Canada: Québec City

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Michele Moricci

QUÉBEC The alarm rings in the early morning because at 9 o’clock  we have a direct bus to Québec City. Located a few hours from MontréalQuébec City is the capital of the Canadian province Québec and is the oldest city in North America. Collected in ancient walls that preserve a french-ish charm, the city is bathed by Saint Laurent and is considered a World Heritage Site.

Our Hotel is just a few steps far from Porte Saint Jean, the access to the old city center. While we wait for the check-in, Giovanni’s colleagues come along and while waiting we order a great bagel for lunch. Back at the hotel – the reception hand us over the keys to a room on the top floor with a magnificent view. 

In the afternoon we walk along the elegant Hotel du Parlement and walk on the walls of La Citadelle, from which you can observe the old port in the distance, the aquamarine roofs and the St. Lawrence River. The natural atmosphere is mixed with the one from an ancient city that has remained intact over time. The wind stirs the leaves while the sun hides behind the horizon and suddenly feels like being in Northern Europe. The silver roofs of the houses sparkle still at the last rays of sun and we descend along a flourishing garden that runs along the walls – while locals enjoy the relaxed atmosphere.

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Enjoying a typically American expensive and tasteless ice cream, we cross the Vieux-Port full of small shops and bistrots on which stands the beautiful Chateau Frontenac. We arrive to Place Royale, historical place of the first french settlements. It ‘so perfect and new that it feels like we are on a cinematic set. We get lost among the many shops of North American gadgets then get on the funicular up to the Quartier Petite Champlain – place reserved for craftsmen in the 17th century and today an eclectic city center where you can find street artist, shops and restaurants. In the evening, looking for a place to eat, we end up eating pizza in the only restaurant still open on Place Royale.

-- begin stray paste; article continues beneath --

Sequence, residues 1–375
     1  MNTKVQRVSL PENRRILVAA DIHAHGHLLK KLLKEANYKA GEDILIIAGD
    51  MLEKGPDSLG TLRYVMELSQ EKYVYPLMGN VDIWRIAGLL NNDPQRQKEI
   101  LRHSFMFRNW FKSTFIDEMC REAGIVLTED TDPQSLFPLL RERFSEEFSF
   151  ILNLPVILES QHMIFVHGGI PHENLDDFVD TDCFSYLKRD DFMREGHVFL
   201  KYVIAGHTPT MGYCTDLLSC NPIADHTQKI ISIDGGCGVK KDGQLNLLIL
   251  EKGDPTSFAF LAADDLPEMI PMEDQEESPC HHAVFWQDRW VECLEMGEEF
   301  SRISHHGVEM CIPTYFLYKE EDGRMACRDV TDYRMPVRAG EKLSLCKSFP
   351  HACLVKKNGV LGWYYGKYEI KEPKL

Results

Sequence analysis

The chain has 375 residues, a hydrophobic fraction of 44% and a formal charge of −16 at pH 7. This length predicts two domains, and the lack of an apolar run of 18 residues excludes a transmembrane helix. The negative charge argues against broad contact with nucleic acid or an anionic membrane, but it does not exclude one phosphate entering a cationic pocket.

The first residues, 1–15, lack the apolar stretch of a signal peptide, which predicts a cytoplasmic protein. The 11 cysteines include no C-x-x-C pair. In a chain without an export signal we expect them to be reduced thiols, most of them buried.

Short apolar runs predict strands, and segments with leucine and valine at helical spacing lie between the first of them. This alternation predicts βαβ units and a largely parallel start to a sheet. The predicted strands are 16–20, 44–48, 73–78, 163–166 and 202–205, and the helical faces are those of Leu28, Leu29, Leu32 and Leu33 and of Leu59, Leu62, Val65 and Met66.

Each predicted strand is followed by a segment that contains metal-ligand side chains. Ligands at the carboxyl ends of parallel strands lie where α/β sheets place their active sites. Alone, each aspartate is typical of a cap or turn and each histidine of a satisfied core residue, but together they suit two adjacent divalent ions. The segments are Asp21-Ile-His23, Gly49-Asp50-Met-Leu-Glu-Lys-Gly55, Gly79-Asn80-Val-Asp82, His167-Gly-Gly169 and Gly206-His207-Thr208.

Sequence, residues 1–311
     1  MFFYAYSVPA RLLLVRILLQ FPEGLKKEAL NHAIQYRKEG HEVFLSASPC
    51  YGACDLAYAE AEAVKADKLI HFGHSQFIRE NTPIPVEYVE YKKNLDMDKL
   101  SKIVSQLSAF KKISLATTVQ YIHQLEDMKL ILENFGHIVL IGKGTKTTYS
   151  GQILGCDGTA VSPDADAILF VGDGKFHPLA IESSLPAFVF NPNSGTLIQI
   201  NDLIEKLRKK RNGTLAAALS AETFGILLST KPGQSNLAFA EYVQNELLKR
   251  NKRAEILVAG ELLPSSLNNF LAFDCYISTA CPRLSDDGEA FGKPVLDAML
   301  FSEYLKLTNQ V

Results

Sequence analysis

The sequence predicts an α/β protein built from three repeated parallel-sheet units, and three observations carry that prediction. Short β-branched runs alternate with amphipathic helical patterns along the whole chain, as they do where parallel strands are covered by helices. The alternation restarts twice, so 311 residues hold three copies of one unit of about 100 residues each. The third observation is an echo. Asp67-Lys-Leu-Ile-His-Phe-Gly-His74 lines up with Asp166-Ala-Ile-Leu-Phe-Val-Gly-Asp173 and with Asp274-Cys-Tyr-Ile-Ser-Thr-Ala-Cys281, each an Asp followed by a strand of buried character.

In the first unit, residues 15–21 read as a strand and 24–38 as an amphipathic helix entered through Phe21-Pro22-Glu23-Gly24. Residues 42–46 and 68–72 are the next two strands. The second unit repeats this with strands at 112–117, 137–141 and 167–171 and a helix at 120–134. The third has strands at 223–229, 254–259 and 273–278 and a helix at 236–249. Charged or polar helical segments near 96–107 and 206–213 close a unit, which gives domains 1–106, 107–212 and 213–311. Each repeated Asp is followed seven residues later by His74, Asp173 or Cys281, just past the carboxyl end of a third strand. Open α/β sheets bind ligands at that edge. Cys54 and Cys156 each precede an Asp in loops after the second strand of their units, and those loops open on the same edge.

Returning to the hotel we all agree we have seen much of what the city had to offer and so, in an attempt to see something more naturalistic, we reluctantly choose a sightseeing tour. Grabbed the phone and booked a ride to Île d’Orléans, to falls of Parc de la Chute-Montmorency and the Basilique Sainte-Anne-de-Beaupré.
 

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The day after we get on a bus full of elderly couples and families with children. On board the bus we cross hastily Ile d’Orleans but we can see the skyline of Québec City on the other side of the St. Lawrence River. Meanwhile, the gray sky looks stormy. The clouds will dissipate and so between a store-grabbing tourists and the other we can get to Montmorency Falls. Higher than Niagara Falls, those of Montmorency ensure a wonderful show.
 
The water falls and freely meet again with the river, the spurts bathe our faces as the sun’s rays will intersect to form bright rainbows. A staircase awaits us to reach the top of a footbridge suspended in space from which to view the falls from above.
 

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We leave to make a stop at Chez Marie, a small house where they produce and sell products to the sweet maple syrup. Anticipating so much goodness we look forward for it, once arrived we realize that it is a place a little ‘more rustic than we have imagined, but now that we are here we tasted a slice of bread with maple syrup cream and remain satisfied. Finally it’s time for the Basilique of Sainte-Anne-de-Beaupré, a Gothic building looking modern with a mix of European styles mixed together in a loaded Baroque appearance. Depictions of the encounter between the pilgrims and Natives enlighten its bold appearance. Nearby just highways, motels, some houses collected in small villages with rural feel.
 
Elegant Québec City is definitely delicious, and two days may be enough to take in the ancient taste of a relatively new city in the heart of North America. Exhausted we go back to the small bus station to return to Montréal, where we still have a couple of days before departure.
 
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Michele Moricci